Measurement at the champs

24/07/2013 10:40:44
Chris M
Hi all,

Steve Watson will be heading up the scrutineering at the champs this year, assisted by me and Phil. Boats will be weighed and pole length and band presence checked. Other checks may also be made. It will not be possible to remove lead at scrutineering.

Sail measuring. I would very much appreciate it if you could organise getting your sails measured before arrival. If this is not possible and the sob story good enough I MAY be persuaded to do them in exchange for significant liquid refreshment and the usual fee. Obviously I will be sailing as will Sophie and Graham so our focus will be on our own boats.

See you there if not before!

24/07/2013 18:39:37
spoke to mr watson this morning...he will be ordering his stickers this week..a heads up would be helpful...

25/07/2013 16:09:34
Andy Hay - Business as Usual
Hi Guys, further to the discussion at the AGM, can we discuss (at some point after the Champs) your records of boat weights in the "as presented" trim? Could be a useful resource in the discussion about moving from a weight including "rigid" fittings to something more akin to the ERS definition.

What would make your lives easier? An all up weight of the boat in a ready to sail state, inc. rudder & boom? If so where should this be pitched, 105kg?

Just a thought ..... probably best discussed on a different thread or off forum. Good luck to all involved with the Champs and I look forward to reading Tim's reports with interest.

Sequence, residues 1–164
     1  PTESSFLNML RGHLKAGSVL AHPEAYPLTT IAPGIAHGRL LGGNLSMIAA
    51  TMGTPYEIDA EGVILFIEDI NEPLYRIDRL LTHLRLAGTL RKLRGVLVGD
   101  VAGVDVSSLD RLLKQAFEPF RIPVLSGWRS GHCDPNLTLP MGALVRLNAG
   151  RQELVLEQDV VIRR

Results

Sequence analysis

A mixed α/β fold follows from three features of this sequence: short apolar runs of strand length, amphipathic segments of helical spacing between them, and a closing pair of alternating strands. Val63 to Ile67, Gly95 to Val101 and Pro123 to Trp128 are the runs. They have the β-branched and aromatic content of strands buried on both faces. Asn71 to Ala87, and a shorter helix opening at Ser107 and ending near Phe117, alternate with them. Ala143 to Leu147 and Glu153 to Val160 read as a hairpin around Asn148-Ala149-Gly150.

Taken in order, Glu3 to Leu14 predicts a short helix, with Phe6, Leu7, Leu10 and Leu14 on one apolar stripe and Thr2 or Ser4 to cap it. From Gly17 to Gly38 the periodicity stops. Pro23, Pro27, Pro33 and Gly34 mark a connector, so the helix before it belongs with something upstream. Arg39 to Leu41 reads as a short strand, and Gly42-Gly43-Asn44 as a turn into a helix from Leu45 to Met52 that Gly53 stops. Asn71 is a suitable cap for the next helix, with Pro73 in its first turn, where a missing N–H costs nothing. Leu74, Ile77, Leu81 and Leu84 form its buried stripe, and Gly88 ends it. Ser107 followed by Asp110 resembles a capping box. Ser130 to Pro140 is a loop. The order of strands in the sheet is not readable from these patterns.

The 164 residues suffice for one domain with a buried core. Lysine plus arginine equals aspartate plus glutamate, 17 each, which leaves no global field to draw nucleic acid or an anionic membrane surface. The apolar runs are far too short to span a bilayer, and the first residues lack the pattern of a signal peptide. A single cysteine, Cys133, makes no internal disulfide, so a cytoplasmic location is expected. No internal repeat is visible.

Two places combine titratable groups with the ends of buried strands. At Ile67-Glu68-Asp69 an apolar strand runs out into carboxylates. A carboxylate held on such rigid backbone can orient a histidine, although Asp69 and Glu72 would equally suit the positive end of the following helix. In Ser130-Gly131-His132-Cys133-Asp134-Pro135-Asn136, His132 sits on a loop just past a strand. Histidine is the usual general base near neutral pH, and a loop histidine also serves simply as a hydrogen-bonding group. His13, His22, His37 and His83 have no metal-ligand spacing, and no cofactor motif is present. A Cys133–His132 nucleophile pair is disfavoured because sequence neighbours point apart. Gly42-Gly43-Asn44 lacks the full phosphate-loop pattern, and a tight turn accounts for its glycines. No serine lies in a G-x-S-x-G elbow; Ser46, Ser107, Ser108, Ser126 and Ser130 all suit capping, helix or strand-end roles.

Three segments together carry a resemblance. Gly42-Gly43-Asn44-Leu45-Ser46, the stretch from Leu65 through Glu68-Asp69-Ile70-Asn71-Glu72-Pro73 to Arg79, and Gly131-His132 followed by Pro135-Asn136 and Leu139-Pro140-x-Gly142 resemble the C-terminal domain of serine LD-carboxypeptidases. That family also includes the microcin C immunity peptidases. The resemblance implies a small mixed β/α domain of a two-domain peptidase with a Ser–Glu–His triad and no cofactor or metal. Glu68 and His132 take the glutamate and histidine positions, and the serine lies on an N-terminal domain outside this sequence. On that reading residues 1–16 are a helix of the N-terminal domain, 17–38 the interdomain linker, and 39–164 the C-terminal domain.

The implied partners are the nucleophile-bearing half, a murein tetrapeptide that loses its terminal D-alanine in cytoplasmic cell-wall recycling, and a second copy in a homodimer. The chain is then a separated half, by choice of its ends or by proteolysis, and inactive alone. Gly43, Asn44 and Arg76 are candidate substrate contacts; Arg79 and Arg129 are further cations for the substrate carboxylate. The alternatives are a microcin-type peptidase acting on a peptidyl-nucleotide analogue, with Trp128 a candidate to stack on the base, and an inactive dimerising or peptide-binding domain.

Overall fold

Fair winds.

25/07/2013 17:09:44
Chris M
To be honest with our current set up there is no particular need to do anything as it takes about two minutes maximum to weigh a boat. If we were still using suspension scales things might need looking at.

Most boats come out about 100kg. We start to worry at 99kg with bits in but boom lifted. When I was doing we sanity checked with the newest/most recently measured boat to ensure accuracy.

25/07/2013 20:26:14
Chris M
Further to the above post in my opinion after some thought last week the current rules regarding fittings, rigging and weight are pretty good in that you weigh the boat in the state that it's in when you sail it less easily removed items.

It's no problem to remove the boom weight from the equation - equally there is no incentive to artificially reduce your hull weight by having a lead one.

It's no problem to remove the rudder, but again no incentive to have a heavy one.

Tie on blocks and "rigid" fittings. I can't think of too many items that fall foul of this almost regardless of how they are attached. The compass would be one if it's a tack tick but these weigh next to nothing and are dead easy to remove - so you take it off to weigh the boat. The tie on blocks given as an example in your presentation are just as rigidly attached as ones that are screwed on, if not more time consuming to remove. I suppose the problem is that the rules were not written with tie fittings in mind, however I would not ask you to remove them because they fall within the spirit of the rules. Yours is not the only boat I've seen with tied on spinnaker sheet blocks and certainly not the oldest!